On Friday, the Los Angeles Dodgers and starting pitcher Julio Urías avoided arbitration with a one-year, $14.25 million contract for the 2023. season. This is the left-hander's final year of club control and he will hit free agency next winter.
At this rate, that's looking like a foregone conclusion, too, with the manner in which the Dodgers have conducted business this offseason. They let a number of talented players go, including guys like Cody Bellinger and Justin Turner, both of whom were integral to the team's culture.
They've hardly spent any money, presumably in preparation to make a big splash next offseason when Shohei Ohtani hits free agency alongside a monster pitching class. Reports have suggested the Dodgers wanted to lessen the blow by resetting their payroll beneath the first luxury tax threshold so future tax payments wouldn't become onerous. Makes sense.
But that shouldn't have stopped them from discussing an extension with Urías. How busy has the front office been? Andrew Friedman and Co. have been among the least active in the entire league. They couldn't prioritize Urías, who's their most valuable asset at this point?
Time hasn't run out on this front by any means, but there have been no reports/rumors about extension talks, and the business-like news of the two sides avoiding arbitration ahead of a contract year further indicates there's probably been no traction.
The Dodgers are letting Julio Urías hit free agency, aren't they?
Now, some who are optimistic about Urías staying in LA might point to the fact he's repped by Scott Boras, who rarely negotiates extensions for his clients. Admittedly, Boras has had a busy offseason. He's probably not thinking about an Urías extension right now.
But could that also indicate the Dodgers aren't willing to push the envelope here? If there was one player on the current roster they'd pay handsomely, wouldn't it be Urías? The reigning ERA champ is entering his age-26 season and has been incredible the last two years. But he's still yet to pitch more than 185.2 innings in a single campaign. He's still yet to serve as the ace on this staff, with a healthy Walker Buehler and Clayton Kershaw still being higher in the pecking order.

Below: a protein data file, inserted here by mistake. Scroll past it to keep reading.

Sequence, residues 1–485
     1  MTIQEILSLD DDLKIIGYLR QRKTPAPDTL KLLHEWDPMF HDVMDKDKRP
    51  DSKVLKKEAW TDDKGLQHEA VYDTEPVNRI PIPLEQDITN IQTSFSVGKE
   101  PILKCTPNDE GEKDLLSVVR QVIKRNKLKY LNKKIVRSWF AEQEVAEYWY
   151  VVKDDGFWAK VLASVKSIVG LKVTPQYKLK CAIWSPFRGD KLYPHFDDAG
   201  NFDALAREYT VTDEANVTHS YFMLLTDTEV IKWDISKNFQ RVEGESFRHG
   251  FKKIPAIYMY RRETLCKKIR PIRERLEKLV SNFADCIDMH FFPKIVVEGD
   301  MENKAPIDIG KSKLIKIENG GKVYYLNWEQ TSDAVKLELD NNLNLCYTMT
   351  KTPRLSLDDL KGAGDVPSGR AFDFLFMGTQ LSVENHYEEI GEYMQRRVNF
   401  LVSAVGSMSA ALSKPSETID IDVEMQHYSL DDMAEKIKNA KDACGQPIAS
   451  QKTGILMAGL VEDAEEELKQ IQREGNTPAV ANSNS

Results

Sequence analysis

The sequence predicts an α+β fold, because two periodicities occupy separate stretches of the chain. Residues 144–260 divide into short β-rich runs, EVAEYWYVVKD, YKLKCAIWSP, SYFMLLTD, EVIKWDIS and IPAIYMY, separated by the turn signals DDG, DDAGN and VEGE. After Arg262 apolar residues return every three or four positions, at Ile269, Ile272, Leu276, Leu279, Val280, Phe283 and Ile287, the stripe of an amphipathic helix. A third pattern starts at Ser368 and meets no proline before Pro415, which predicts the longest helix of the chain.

In a sense, that puts the Dodgers in a good position. They can "overbid" right now to keep Urías off the market and secure a top-end starter to avoid a mad dash next year, when they're going to be in line to lose another slew of players, one of which would be Urías.
Just look at the pitching contracts out there. How much negotiating power would Boras have if Urías doesn't have a Cy Young season in 2023? You have Gerrit Cole's $324 million deal; Stephen Strasburg's $245 million; David Price's $217 million; Jacob deGrom's $185 million; Carlos Rodón's $162 million; Chris Sale's $145 million. Realistically, how much can Urías command with no awards or All-Star appearances to his name? He has age on his side (he'll be entering his age-27 season after free agency), but he's not going to reset the market with a deal in excess of eight years.
Couldn't the Dodgers have ended the conversation early and offered something like seven years and $182 million? Could've even went eight for $208 million and slammed the door shut. Would Boras have really said no to that? Would the Dodgers have really felt a $26 million AAV for a pitcher of Urías' caliber wouldn't have been worth it?
Maybe we're rambling here. But there's one asset on the roster at this moment nearing free agency that the Dodgers could stomach giving a long-term contract, and it's Urías because of his age, the important in-demand position he plays, and the amount of starters the Dodgers have lost and are expected to lose in the coming offseasons.
We hope we're wrong, but unless there's more noise on this topic. it might be time for fans to brace themselves to say goodbye to another Dodgers legend in less than a year.